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Natural painkillers (part 1) – Corydalis for chronic pain (ie. arthritis)

Corydalis is a genus containing over 300 species of plants indigenous to many different parts of the world, most of which are known medicinally for their use in the treatment of pain and many which are cultivated in gardens for their pretty flowers and foliage. There are several species which are acceptable for use in Chinese medicine, including Corydalis turtschaninovii, C. repens, C. ambigua and C. glaucencens.

Ethnobotany – Corydalis (yanhusuo)

Corydalis (Corydalis turtschaninovii – yanhusuo), a member of the poppy family, has been used successfully for over 2,000 years within the system of traditional Chinese herbalism to inhibit minor, everyday pain. Corydalis is regarded as a qi regulating and blood moving, vitalizing herb. Most blood vitalizer herbs are used for pain relief in traditional chinese medicine (TCM).

The Ojibwa used it as a stimulant, the root smoke was inhaled to clear the head and revive the patient.

Corydlis montana was a known rheumatic remedy among the Navajo indians. Navajo use Corydalis to stop diarrhea. An infusion is taken to relieve pain and cure sores (including those associated with childbirth).

Energetics

It is pungent, warming, and slightly bitter. In Chinese medicine it is characterized as entering the qi and blood level and promoting the qi movement and blood circulation. It is an excellent herb for relieving pain and its action is steady and strong. In clinical practice, it can be used alone and in TCM is considered to be a painkiller. If it is fried with a little vinegar, this increases its effect in relieving pain.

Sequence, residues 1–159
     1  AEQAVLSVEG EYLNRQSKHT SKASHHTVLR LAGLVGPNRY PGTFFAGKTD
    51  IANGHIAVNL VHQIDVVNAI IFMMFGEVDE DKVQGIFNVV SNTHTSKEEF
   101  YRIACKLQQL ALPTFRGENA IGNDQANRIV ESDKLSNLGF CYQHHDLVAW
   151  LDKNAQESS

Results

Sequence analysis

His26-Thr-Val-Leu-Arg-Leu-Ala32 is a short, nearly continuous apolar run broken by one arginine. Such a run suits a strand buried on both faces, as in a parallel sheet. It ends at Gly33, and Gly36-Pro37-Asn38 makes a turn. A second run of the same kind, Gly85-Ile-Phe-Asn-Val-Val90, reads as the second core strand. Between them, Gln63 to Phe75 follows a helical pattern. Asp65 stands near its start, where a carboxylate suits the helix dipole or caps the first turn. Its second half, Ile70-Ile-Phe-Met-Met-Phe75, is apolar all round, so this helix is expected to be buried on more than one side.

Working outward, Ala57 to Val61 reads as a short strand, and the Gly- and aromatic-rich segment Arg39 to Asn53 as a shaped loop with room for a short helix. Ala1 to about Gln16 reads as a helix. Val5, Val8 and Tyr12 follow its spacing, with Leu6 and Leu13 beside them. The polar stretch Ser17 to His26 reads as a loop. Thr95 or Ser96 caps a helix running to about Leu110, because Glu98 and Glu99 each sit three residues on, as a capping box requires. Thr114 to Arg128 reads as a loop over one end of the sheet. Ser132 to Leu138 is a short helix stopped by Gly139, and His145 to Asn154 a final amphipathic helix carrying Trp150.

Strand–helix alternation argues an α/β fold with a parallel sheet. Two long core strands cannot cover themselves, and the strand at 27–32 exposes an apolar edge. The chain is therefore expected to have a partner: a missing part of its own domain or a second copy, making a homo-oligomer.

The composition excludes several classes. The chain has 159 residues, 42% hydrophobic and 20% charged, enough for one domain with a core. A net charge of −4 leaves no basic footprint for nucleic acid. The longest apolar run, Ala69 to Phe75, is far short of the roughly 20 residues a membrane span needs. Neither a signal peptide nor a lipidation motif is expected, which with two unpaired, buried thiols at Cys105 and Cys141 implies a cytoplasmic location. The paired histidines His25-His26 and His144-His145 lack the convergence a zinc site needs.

corydalis

Recent research

Scientific tests have identified and named 20 active minor pain-killing alkaloids in corydalis, and chief among these is tetrahydropalmatine (THP), which inhibits the reticular-activating system in the brain stem. This system is composed of intertwined nerve fibers, called axons, which link the brain to the spinal cord. THP, in effect, deactivates the nerve cell pathway between where minor pain is felt and where it is registered. Corydalis has also been shown to support healthy cardiovascular processes such as regular heartbeat and blood pressure.

Researchers from the University of California found that an other constituent, dehydrocorybulbine (DHCB), isolated from the root of the plant, had a positive effect on the three primary types of human pain — acute, inflammatory, and chronic/neuropathic pain. “We landed on DHCB but rapidly found that it acts not through the morphine receptor but through other receptors, in particular one that binds dopamine” said Olivier Civelli, a professor at the University of California, Irvine.

Reports from Chinese researchers also note that 75 mg of THP daily was effective in reducing nerve pain in 78% of the patients tested. Painful menstruation (dysmenorrhea), abdominal pain after childbirth, and headache have also been reported to be successfully treated with THP.

In addition to its central nervous system effects, studies in the laboratory have shown the alkaloids from corydalis also have cardiovascular actions. For example, dl-THP has been shown to both decrease the stickiness of platelets and protect against stroke, as well as lower blood pressure and heart rate in animal studies. Additionally, it seems to exert an anti-arrhythmic action on the heart. This was found in a small double-blind clinical trial with patients suffering from a specific type of heart arrhythmia (e.g., supra-ventricular premature beat or SVPB). People taking 300–600 mg of dl-THP per day in tablet form, had a significantly greater improvement than those taking placebo pills.